Male-Targeted Shows’ Huge Female Viewerships Defy Marketing Clichés

Once upon a time, at the same time every week, one of my roommates and I had to ditch our apartment (occupied by a few fellow young women) for a guy friend’s abode so that we could watch South Park as it aired — our own TV was occupied by banter delivered at tongue-twisting-speed by The Gilmore Girls, which aired at the same time as our beloved Kyle and Cartman. So when this female fan of shows like Rescue Me, Archer, and The Following read AdAge’s article discussing the popularity of male-targeted shows among women, the first thing I thought was, “I knew it wasn’t just us!”

In fact, the highest-rated cable show among women so far this year is not FOX‘s female-targeted New Girl or Lifetime‘s Dance Moms, but AMC‘s gore-filled zombie apocalypse drama The Walking Dead. According to Nielsen, the February 10 mid-season premiere of The Walking Dead drew a 5.0 rating/11 share among women 18-49 (almost twice that of its nearest competitor). To give that number some context, shows like ABC’s Once Upon a Time and CBSThe Good Wife are lucky when the same demographic comes in above a 1.5.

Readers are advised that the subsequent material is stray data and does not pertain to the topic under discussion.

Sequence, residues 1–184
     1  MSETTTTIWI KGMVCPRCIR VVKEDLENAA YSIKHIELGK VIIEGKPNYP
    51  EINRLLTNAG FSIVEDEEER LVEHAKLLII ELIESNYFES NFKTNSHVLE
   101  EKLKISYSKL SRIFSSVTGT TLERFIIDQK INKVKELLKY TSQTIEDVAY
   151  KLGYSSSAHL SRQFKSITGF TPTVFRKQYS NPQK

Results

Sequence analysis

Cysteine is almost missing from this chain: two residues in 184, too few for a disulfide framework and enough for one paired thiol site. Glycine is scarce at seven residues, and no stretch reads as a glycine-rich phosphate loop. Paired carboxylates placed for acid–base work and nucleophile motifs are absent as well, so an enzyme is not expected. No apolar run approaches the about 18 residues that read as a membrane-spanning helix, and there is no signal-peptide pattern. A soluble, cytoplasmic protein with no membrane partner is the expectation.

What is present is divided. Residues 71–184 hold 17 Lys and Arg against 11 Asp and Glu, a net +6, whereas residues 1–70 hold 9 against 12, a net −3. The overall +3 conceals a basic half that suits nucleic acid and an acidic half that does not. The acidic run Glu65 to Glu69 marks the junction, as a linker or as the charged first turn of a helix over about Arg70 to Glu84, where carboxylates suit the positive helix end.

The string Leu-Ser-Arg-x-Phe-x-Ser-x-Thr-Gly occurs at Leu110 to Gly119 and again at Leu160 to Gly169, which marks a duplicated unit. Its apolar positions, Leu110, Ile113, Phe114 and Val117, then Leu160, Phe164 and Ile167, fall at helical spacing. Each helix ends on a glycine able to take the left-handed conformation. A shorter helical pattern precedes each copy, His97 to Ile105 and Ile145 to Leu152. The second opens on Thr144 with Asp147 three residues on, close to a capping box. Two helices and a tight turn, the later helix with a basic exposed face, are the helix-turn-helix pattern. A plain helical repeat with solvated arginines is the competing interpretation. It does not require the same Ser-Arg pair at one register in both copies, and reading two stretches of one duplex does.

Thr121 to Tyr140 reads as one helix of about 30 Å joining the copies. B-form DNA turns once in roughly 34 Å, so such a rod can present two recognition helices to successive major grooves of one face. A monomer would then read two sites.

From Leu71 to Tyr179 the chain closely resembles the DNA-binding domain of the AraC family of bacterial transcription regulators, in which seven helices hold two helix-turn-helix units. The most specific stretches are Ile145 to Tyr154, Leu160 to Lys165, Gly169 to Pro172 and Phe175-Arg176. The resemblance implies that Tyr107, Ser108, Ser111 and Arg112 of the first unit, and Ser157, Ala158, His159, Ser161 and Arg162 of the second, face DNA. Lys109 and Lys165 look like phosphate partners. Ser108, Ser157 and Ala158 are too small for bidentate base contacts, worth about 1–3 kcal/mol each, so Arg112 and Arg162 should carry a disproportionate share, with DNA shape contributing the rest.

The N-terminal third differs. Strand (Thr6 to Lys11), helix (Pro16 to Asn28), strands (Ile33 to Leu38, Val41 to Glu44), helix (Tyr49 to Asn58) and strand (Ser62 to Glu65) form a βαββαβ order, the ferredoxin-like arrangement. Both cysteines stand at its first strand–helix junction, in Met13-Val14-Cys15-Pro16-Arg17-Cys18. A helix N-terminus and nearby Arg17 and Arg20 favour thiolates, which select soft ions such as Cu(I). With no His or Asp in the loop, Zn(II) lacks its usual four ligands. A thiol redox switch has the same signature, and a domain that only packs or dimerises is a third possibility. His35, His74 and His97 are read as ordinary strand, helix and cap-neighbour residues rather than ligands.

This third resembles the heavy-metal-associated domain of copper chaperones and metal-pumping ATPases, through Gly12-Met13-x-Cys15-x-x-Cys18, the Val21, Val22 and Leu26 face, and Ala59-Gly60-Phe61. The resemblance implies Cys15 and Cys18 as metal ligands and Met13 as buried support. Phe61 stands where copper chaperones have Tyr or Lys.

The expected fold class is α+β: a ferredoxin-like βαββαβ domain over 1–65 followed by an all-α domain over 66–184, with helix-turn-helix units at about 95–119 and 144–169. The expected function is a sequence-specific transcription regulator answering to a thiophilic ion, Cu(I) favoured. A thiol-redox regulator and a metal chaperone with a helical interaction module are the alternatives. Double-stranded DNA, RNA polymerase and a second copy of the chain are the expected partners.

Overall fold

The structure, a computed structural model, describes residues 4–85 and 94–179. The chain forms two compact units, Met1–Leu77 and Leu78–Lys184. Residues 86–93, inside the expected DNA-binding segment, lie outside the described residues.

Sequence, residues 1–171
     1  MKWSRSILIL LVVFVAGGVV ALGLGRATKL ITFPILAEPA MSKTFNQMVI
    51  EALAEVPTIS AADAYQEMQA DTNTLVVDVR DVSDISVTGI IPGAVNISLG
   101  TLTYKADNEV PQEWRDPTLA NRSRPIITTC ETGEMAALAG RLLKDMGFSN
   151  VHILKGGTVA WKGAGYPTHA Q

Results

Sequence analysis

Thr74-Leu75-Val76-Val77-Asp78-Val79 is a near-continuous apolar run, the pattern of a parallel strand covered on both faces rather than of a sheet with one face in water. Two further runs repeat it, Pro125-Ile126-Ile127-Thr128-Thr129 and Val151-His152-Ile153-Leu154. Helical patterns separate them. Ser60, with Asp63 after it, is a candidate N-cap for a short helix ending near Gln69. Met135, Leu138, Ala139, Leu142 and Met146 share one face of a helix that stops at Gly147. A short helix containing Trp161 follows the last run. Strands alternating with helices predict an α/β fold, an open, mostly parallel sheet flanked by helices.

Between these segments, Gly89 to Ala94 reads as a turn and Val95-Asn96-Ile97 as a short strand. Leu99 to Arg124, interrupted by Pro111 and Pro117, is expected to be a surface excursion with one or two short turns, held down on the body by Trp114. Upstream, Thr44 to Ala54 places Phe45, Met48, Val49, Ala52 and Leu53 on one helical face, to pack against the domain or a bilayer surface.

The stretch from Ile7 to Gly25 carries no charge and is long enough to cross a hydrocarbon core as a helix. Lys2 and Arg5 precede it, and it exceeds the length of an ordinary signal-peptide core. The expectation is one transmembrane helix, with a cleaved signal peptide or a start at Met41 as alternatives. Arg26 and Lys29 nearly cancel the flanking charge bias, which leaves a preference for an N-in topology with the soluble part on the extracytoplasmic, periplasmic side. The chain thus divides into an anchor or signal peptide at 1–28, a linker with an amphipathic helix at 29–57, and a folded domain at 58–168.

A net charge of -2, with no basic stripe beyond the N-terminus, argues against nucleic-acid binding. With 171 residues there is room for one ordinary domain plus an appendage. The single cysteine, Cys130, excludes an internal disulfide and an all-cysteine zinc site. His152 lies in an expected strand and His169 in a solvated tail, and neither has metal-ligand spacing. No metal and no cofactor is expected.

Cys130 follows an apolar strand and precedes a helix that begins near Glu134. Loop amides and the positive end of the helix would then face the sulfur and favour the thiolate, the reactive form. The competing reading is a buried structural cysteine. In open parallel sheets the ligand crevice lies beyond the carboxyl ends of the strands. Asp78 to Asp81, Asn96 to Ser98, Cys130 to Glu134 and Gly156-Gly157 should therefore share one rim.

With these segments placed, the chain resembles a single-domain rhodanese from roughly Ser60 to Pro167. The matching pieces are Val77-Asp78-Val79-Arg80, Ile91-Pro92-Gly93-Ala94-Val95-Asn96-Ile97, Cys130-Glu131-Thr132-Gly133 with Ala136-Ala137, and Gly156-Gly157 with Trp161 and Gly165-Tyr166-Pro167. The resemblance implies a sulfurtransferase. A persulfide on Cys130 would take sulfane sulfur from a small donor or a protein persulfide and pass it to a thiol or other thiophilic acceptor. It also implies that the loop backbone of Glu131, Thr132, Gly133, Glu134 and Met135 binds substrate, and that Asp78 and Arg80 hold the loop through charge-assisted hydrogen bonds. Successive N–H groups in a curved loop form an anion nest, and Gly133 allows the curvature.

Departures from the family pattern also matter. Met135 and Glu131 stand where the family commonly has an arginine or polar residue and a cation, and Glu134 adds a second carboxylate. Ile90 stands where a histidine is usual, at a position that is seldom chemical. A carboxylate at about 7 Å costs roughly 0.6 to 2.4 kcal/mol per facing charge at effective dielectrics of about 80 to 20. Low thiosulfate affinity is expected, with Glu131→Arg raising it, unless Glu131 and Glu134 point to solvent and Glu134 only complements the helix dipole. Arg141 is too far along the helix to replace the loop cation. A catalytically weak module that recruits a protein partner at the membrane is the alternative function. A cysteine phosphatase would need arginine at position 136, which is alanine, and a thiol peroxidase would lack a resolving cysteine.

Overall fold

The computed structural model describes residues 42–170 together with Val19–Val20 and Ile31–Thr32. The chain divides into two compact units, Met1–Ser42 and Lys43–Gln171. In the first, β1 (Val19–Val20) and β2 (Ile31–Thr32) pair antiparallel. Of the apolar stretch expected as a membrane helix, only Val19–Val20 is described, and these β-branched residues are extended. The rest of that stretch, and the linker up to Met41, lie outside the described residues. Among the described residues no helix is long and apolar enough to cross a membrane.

So does that mean that women are seeing past gore and violence to intricate story lines and interesting characters? It’s not that simple. Horizon Media research director Brad Adgate says gore isn’t necessarily a turnoff for women. “If there’s one genre that’s really popular with men and women, science fiction is it—anything that deals with the occult really.” To support his point, Adgate mentions long-running procedurals like CSI and Law & Order: SVU, which boast an overwhelmingly female audience.